Thank you for the info. For a budding engineering student,this is terrific for me.
To answer Chalon Harper's comments, Koss Construction was the contractor, not engineer. The bridge was designed by Missouri State Highway Department. Chief Engineer For the Bridge was B. H. Piepmeier. The contractor would have bid on the design, and yes, they did work elsewhere in the state, but I doubt they had any say in the design. I did find some interesting information from the National Register Nomination for this bridge which is one of the longest nomination narratives I have ever seen and is VERY informative about the history of the bridge. You may wish to view it as well at http://www.dnr.missouri.gov/shpo/nps-nr/91000591.pdf
For interest, I attached a historic photo from that Nomination Form with this post, as well as one of the modern nomination photos that shows the bridge layout more clearly than the photos currently here.
The similarities seen to the bridges in Oregon may have to do with the architectural style that was used with this arch bridge. From the National Register Nomination:
The Y Bridge clearly fits a stylistic category, "Classical Moderne," a conservative form of Art Deco which came to the forefront during the depression era of the 1930s... a simplified and monumental modernistic neoclassicism. The Y Bridge, therefore, represents an early example of a style which would be so associated with the public works projects of the 1930s that it is sometimes referred to as PWA (Public Works Administration) Moderne, and which dignifies many courthouses and other public buildings constructed in the Ozarks. While Classical Moderne is associated with the PWA, its inception clearly precedes the PWA.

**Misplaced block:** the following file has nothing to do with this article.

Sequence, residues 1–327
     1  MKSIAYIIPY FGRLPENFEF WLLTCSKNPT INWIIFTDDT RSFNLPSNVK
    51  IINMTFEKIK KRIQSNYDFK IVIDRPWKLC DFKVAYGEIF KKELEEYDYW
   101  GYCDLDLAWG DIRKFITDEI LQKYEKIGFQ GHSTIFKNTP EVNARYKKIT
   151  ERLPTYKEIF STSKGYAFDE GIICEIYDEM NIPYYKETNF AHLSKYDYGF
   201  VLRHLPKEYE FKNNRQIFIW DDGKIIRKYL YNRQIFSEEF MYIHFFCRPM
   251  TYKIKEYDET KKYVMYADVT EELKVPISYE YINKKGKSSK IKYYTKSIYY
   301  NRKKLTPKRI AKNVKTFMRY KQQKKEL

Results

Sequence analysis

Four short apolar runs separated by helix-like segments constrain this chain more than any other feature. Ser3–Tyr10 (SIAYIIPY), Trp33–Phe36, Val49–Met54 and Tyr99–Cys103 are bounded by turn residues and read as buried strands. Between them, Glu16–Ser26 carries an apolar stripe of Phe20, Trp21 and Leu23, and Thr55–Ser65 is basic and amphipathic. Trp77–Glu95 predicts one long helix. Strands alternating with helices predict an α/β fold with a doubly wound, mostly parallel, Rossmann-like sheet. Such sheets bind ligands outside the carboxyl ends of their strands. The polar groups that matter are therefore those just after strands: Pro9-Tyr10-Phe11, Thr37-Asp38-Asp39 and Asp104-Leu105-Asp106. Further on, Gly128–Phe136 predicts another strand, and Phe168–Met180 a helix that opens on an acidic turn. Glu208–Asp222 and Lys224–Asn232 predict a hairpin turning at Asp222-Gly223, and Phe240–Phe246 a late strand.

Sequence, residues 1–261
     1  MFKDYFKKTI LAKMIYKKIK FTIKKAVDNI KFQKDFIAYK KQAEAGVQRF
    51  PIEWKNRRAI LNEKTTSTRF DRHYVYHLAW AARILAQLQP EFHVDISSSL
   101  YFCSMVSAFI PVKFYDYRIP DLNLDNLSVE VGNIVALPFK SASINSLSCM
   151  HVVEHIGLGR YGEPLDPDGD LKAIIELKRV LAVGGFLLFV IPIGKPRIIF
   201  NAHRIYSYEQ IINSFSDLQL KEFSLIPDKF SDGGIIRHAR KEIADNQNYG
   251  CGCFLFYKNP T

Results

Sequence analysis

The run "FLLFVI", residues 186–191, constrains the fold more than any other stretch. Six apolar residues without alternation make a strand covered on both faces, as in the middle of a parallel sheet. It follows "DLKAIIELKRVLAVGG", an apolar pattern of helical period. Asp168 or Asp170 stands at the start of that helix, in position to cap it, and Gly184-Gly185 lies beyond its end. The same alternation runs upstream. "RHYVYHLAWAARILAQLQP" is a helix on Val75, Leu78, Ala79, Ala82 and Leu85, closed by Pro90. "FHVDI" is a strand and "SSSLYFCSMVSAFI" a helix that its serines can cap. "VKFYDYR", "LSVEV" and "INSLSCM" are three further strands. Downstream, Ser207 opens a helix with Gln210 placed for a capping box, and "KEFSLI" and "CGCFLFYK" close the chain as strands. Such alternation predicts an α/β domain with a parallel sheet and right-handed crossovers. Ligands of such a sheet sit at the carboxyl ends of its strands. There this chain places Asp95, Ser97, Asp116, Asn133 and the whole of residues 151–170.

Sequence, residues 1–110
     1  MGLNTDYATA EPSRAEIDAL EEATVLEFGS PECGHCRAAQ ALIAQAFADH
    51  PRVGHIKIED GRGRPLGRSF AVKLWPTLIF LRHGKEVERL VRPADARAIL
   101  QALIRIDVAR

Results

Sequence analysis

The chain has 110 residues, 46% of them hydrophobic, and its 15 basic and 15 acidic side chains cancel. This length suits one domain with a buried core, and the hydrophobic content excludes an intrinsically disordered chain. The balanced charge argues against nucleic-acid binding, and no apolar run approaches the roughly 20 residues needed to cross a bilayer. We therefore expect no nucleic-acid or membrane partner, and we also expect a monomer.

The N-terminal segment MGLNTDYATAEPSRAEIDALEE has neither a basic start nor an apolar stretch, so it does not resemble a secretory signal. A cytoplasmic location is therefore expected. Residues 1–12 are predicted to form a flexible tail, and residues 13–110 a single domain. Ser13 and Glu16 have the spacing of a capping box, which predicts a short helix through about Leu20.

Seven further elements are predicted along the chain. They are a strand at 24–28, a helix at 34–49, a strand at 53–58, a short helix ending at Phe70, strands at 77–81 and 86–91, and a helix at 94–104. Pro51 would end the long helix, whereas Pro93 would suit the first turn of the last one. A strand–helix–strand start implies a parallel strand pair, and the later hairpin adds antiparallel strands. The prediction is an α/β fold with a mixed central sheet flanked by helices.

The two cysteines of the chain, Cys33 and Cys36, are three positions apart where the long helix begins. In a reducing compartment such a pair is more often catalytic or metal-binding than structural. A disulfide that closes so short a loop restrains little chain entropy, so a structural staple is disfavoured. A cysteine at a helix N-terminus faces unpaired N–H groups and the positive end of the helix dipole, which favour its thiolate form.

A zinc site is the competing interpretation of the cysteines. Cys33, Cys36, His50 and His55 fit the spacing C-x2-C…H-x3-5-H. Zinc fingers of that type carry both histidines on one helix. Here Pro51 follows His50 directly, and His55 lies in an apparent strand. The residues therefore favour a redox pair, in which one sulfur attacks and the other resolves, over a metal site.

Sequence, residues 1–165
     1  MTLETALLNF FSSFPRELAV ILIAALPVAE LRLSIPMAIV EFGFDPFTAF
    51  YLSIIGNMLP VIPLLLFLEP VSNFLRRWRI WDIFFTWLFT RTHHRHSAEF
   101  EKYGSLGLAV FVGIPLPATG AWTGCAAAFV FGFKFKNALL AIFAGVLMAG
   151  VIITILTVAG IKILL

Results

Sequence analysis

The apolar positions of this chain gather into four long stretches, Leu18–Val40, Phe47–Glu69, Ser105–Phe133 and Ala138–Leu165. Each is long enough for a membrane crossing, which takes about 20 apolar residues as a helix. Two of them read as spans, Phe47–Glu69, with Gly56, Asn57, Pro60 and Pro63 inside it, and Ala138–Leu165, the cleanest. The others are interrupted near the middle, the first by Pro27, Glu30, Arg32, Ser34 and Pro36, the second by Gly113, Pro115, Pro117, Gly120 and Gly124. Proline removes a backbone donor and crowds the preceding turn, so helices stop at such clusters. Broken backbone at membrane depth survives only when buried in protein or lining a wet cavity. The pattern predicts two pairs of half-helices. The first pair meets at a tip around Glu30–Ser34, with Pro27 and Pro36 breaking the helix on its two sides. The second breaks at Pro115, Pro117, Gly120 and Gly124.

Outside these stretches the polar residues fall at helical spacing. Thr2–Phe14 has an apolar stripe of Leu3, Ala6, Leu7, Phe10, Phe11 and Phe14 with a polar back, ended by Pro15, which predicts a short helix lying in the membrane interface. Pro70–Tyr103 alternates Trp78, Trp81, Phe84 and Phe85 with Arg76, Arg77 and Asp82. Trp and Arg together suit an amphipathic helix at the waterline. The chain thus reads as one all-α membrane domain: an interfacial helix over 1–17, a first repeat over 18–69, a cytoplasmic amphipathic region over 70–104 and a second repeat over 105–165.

This is a genuine, beautiful, historic Y bridge: not a modern non-historic one such as seen in Zanesville, Ohio, which was demolished and replaced with a modern bridge that still has the Y shape but has destroyed all historic material.
It seems to me Koss Construction patterned some of their bridges off of Conde B. McCullough bridges with their open-spandrel arch. Also the elegance in them is reminiscent of Mr.McCullough's bridges.
All I can say is.......WOW!!!
Bridge enthusiasts,does this bridge type not remind you of a Conde B. McCullough (Oregon Bridge Engineer) bridge? When I first saw this it hit me it looks like a McCullough bridge.
I live in Zanesville, Ohio . The OFFICIAL Y-BRIDGE CITY. Ours is part of the Famous Zanes National Road built around 1900. Which is STILL used for public transportation.